I get why unions came to exist, and I get the fact that some unions may actually still create value in some situations. However, I think we are far past seeing any value in government and education unions.  Watching the president of the American Federation of Teachers extoll the priority of the children and yet support the use of tenure to protect intentionally negligent teachers from being fired is just one more example of how union bosses are more interested in money and power than the supposed goals of their organizations.

It was encouraging to follow the stories of several families across the country where the children were motivated to succeed but faced challenges in affording a better education that is available in public schools.  The stories were heartbreaking.

Although Superman is clearly not going to be the savior of our education system, the background of Geoffrey Canada and the work he is doing with Harlem Children’s Zone, along with the work of the KIPP (Knowledge Is Power Program) schools across the country.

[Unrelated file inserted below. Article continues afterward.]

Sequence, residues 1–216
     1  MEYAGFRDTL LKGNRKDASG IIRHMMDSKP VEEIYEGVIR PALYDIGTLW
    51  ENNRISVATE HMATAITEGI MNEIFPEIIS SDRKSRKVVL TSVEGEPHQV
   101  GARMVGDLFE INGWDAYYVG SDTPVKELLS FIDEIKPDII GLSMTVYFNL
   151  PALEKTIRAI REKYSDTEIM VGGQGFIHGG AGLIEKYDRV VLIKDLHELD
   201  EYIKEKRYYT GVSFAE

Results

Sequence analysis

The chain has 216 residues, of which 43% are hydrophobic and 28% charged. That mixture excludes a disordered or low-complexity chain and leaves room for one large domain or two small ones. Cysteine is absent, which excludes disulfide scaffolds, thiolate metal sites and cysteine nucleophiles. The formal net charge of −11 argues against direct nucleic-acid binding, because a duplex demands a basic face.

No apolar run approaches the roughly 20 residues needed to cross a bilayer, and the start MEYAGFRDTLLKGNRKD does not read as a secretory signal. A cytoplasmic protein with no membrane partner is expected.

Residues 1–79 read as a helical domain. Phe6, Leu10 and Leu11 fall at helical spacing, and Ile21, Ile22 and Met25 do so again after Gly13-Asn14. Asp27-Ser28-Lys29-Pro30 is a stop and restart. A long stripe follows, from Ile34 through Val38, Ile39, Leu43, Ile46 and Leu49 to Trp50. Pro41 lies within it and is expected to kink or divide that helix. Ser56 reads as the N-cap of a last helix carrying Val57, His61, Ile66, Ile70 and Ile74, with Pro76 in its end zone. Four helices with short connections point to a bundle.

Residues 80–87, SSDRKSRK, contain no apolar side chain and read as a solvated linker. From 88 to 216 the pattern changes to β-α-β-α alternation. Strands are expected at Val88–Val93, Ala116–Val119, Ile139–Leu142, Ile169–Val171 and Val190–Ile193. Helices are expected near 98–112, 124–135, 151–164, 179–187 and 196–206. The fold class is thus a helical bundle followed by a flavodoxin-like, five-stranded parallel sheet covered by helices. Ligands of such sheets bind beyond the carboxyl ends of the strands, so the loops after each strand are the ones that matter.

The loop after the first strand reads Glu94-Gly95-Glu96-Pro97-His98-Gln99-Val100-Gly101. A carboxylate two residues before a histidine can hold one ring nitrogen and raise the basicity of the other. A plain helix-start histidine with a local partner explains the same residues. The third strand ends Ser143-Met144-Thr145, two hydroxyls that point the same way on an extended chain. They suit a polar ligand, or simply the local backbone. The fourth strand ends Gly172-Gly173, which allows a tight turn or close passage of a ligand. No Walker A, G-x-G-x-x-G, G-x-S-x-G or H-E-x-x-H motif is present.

Spending more money on public schools just doesn’t seem like the right priority to solve our diminishing education issues… and I am not convinced No Child Left Behind is helping.  Dealing head on with the unions and giving administrators the power to hold teachers accountable is our best hope for making our public schools viable again.

I heartily recommend “Waiting For Superman”.  I downloaded it on iTunes, and it should be available through most DVD outlets.  You can also get more information at

The Current State of the Union(s)

Measure the Cost

March 19th marked an unusual anniversary for me.

Eighteen years ago on that very day, I drank my last drop of alcohol.